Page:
this evening, someone named Wen shi Di asked me to answer his question on Quora. i did, and i enjoyed doing so very much. my answer is reposted below.
If one of the key tenets of 3D Printing is "If you can imagine it, you can print it," then will cultures where imagination and critical thinking are discouraged, suffer a disadvantage in technolgy adoption?
It's true, the ability to create complex structures - negative draft angles, interlocking parts, voids, etc. - is much touted in the current press surrounding 3D printing. And for some physical product designers (jewelers come to mind), that ability is already having a significant impact on the creative range of printed product. 3D printing frees the designer from manufacturing constraints, and designers that are able to discard those shackles will likely see some creative benefit.
I see a few caveats to this, though, which dilute the net effect significantly.
1. I would question whether "unimaginative" cultures actually produce less creative content than liberal ones. For instance, the electronic music movement allowed for the democratization of music in many ways. Did that discourage the creative output of countries like Japan and Germany?
(It's worth noting here that I'm not even sure how to determine a consensus on which cultures discourage imagination or critical thinking. But compare the number of google results for "germany imaginative" (6.3M), "japan imaginative" (5.4M), and "america imaginative" (11.6M). Similarly: "germany creative" (289M); "japan creative" (310M); "america creative" (608M). Of course, "america" is a bit vague, but "USA imaginative" gets 7.7M and "USA creative" gets 458M, so I think it's safe to say that the English-speaking internet, as crawled by Google, thinks that the US is more creative and imaginative than Germany and Japan.)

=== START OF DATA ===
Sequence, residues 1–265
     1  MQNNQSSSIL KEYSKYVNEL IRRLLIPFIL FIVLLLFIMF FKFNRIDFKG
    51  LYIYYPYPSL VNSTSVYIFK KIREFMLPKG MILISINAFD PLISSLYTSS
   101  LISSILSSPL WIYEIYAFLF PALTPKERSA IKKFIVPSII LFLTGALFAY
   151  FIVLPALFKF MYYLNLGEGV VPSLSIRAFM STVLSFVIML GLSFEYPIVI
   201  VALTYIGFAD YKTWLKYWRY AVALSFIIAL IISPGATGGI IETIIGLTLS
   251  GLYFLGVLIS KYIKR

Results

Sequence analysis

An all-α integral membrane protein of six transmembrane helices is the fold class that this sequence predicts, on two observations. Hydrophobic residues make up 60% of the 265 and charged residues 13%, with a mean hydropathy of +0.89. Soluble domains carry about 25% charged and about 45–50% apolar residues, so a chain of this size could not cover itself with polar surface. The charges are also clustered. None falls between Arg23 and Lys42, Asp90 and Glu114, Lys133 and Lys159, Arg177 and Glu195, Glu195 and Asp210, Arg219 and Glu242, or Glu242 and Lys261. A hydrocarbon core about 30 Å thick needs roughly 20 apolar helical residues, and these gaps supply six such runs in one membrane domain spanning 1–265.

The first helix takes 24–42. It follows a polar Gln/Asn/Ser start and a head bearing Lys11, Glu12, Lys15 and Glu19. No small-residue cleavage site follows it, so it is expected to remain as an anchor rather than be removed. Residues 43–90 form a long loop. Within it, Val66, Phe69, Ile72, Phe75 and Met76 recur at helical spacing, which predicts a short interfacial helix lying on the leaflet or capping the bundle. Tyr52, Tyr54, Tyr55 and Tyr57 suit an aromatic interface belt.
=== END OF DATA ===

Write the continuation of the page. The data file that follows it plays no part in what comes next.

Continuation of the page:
2. It remains to be seen whether 3D printing becomes a large scale means of production unto itself, as opposed to a prototyping tool for injection-molded and machined parts. For most consumers, 3D printed objects aren't yet at the quality where they're desirable as home objects. Unless FDM machines improve part quality by an order of magnitude (let's be honest: fused deposition parts look and feel like crap), I doubt they'll ever produce objects that consumers want to be touching or seeing. Even SLA parts lack the strength and weight of most popular injection molded parts (n.b., this is all coming from someone who refuses to put even an injection molded plastic or CNCd aluminum case on his iPhone, so take my comments on user experience with a grain of salt). It's possible that SLS, if production costs can be reduced, could make consumer-ready product in the future, and who knows what other technology is nearby - or what the consumers of the future will regard as "consumer-ready." But as it stands, even the most creative designers are still largely constrained to designing for traditional manufacturing methods, if they want their designs to be produced and distributed with traditional supply channels and to a consumer base that's accustomed to the look and feel of traditionally manufactured parts.
3. Even if the designers in "unimaginative" cultures like Germany and Japan fail to fully utilize the creative freedom allowed by 3D printing, and even if 3D printing does transition into being a source of large numbers of consumer and industrial goods, that doesn't necessarily mean that Germany and Japan will be left at a disadvantage with regard to technology adoption. If SLA and SLS really do take off, there will be more than enough opportunity to go around. Every industry that deals with physical goods will be affected on a massive level, and the inability to think in terms of objects that are solid and have positive draft angles likely won't make a whit of a difference. Because regardless of how much the 3D printed jewelry of today resembles sea sponges, 3D printing needs to (and certainly will) be used for many more traditional uses for the technology to really take off.